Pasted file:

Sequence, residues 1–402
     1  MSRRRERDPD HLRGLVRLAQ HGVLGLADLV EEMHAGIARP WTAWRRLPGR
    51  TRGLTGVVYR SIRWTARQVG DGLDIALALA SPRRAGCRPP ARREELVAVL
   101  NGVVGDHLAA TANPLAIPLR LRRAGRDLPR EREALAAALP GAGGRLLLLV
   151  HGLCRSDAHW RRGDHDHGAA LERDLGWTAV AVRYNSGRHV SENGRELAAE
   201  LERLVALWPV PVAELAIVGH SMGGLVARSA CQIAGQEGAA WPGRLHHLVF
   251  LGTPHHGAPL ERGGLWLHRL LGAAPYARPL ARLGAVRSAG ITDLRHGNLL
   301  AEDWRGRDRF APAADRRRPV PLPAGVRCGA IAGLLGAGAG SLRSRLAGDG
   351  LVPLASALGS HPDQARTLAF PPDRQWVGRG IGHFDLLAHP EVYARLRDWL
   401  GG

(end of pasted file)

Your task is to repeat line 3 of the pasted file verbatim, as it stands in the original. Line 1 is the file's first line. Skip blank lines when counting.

    51  TRGLTGVVYR SIRWTARQVG DGLDIALALA SPRRAGCRPP ARREELVAVL